Wara Wara opened around February 2016 in Providence and there was a lot of buzz about this new Japanese restaurant specializing in ramen and tapas. With so few options in Providence to enjoy good ramen, I knew I needed to get over there and see what Wara Wara had to offer. Usually, I run for the hills when I see a tapas restaurant because my personal feeling is that, “tapas,” is code for: “small portions of mediocre food at high prices.” Luckily, the prices at Wara Wara were reasonable and the food tasty. I expected typical Japanese food, but received a much more eclectic spin on classic dishes.
Wara Wara Restaurant
776 Hope St.
Providence, RI 02906
Service and Atmosphere
It’s hard to miss Wara Wara’s bright yellow sign out front, which is a nice change from the trendy concept of making places hard to find. The interior is equals parts light and dark due to the big windows that shed light on the dark wood tones of the restaurant. The spacious environment offers bar style seating, high top tables, and traditional table seating, which is a nice contrast to some of the smaller, often crowded, ramen establishments. The service is very friendly and willing to answer any questions about the menu.
Wara Wara takes a playful approach to Japanese flavors by combining them with influences from other cultures. Squid, for example, is found frequently in Japanese culture, but the fried calamari preparation is a little bit more Chinese, Italian, and Italian-American. Using corn in their ramen is another example of some cultural cross-over. They even use kimchi, which is Korean, in their pork belly buns. The results are tasty and unique preparations of fairly traditional Japanese fare.
Pork Buns – The pork belly buns at Wara Wara are different than any I’ve tried before. Usually, the pork belly is almost fall apart tender due to a sweet braise. These pork belly buns reminded me more of a latin-inspired preparation because while the sweetly tangy flavors of the kimchi honey miso sauce were all Japanese and Korean, the pork belly itself was crispy. Even though the approach is different than what I am used to, I could see this style appealing a little more to those that might shy away from a more tender preparation due to the fattiness of the meat. The crispiness evoked bacon without the smoke and contrasted nicely to the soft steamed rice bun.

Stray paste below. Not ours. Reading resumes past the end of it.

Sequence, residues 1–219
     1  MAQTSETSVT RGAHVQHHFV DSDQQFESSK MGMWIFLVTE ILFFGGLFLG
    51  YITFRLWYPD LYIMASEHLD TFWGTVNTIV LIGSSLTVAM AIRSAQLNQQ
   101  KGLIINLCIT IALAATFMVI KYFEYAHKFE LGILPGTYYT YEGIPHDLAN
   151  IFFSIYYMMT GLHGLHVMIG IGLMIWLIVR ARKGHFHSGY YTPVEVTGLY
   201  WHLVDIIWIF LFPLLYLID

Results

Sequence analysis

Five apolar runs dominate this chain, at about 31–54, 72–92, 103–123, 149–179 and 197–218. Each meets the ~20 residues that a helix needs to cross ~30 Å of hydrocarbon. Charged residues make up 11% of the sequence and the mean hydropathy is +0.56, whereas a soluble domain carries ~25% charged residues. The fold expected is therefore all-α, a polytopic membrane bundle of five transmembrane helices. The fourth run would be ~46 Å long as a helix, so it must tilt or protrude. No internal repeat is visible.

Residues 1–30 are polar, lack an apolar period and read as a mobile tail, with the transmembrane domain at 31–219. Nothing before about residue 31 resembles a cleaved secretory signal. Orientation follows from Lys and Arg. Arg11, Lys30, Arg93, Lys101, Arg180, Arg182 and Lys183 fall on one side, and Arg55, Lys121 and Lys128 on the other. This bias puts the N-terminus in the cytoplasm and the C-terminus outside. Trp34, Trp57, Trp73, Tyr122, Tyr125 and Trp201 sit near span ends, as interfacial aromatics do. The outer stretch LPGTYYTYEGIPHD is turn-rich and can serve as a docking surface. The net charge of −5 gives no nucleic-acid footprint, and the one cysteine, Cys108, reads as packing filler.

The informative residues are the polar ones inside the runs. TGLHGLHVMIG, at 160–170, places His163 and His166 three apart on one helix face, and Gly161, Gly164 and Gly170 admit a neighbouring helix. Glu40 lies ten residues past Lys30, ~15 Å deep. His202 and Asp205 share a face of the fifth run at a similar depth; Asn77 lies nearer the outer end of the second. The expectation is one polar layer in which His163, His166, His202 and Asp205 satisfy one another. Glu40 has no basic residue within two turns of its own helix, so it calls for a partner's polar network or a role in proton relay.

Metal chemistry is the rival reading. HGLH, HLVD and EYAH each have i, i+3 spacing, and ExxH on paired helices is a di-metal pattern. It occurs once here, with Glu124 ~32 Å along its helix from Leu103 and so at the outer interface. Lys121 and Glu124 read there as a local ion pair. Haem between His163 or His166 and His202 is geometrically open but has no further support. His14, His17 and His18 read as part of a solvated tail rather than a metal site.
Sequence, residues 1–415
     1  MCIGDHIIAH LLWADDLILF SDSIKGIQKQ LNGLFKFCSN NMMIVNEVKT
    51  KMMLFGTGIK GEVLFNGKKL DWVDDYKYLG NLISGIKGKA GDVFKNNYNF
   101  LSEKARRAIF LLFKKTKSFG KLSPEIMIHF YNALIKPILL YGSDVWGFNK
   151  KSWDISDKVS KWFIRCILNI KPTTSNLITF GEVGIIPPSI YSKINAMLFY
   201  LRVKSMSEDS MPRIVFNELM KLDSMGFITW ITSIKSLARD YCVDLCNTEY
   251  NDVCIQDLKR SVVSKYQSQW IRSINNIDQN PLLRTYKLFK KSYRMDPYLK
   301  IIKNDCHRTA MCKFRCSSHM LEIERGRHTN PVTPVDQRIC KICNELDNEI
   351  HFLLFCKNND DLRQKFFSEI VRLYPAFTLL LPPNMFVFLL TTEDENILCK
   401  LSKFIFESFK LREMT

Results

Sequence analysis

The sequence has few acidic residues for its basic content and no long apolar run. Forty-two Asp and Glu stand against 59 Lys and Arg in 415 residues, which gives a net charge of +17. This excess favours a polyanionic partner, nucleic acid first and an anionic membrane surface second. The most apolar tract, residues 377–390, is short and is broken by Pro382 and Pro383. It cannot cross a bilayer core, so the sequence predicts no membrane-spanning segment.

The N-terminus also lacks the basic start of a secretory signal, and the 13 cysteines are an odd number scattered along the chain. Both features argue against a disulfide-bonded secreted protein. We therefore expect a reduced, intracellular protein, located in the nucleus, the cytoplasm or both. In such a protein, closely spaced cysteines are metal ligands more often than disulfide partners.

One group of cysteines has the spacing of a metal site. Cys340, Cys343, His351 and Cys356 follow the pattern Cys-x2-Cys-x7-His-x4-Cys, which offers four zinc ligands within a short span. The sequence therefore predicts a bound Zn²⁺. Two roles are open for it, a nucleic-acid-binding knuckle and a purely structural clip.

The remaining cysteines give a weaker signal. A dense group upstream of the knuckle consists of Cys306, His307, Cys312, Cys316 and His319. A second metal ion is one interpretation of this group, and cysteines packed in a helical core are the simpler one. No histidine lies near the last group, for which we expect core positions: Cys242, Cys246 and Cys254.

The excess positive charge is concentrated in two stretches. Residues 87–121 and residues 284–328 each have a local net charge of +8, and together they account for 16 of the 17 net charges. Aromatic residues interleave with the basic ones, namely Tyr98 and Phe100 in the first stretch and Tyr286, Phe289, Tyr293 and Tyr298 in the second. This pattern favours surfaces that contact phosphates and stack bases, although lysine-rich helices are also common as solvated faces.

Calamari – This dish was simultaneously Asian and Italian-American. I will say that this is one of those rare dishes that I found extremely salty, but somehow that saltiness didn’t deter me from enjoying the dish at all. The salty and peppery calamari breading reminded me of the kind of fried squid sometimes found at Chinese-American fast food restaurants, but in a much more savvy form. The mango sauce that accompanied the calamari portrayed a wonderful contrast of sweet, savory, and tangy that delivered a tropical yet Asian feel to the dish instead of the usual marinara sauce. Last, but not least, the thinly sliced, fried pepper garnish was a fantastic and delicious addition to the dish. Rhode Island style calamari uses spicy pickled yellow banana pepper rings as a garnish, but I far preferred this take on peppers with calamari!
Miso Ramen – First, let me say that as a whole, I definitely enjoyed Wara Wara’s miso ramen. It’s a nice blend of traditional Japanese flavors with some less traditional ingredients like corn. It may not be the best ramen I’ve ever had, but it hits the spot. The broth, which is arguably the most important element of ramen next to the noodles, is light yet flavorful. It was a little on the salty side, but still well within what one might expect from miso ramen. The noodles were thin, but not too thin, and a little chewy, which I like. The soft boiled egg was perfectly cooked and a richness to the soup. I thought the corn was interesting and very filling, but I’m still on the fence about the sweetness it added to the dish. One ingredient I could have done without is the bamboo shoots. I usually don’t mind them in other dishes, but in this case they gave the soup a somewhat off-putting aroma. That’s a personal preference though and I know that some people love the added funk from bamboo shoots in their soup. As far as the pork in the ramen goes, the pieces were a little smaller and more well done than I am used to in ramen. It tasted very good, but the texture was firm instead of the usual melt-in-your-mouth style of pork in a more traditional ramen. Overall, this is a really nice, solid take on ramen that I would recommend in the Providence area (minus the bamboo shoots for those unfamiliar with that flavor in soups).
Wara Wara is a great option for ramen in a city that desperately needs more good ramen. The restaurant looks great and the food is pushing the limits of typical Japanese cooking with some added multicultural elements. Go for the Japanese food, but expect something a little different in the overall experience. While it may not be the best ramen you’ll ever have it will definitely satisfy those cravings and deliver on an overall enjoyable dining experience. I know I’ll return again and again just to try out the many creative items on Wara Wara’s large menu.
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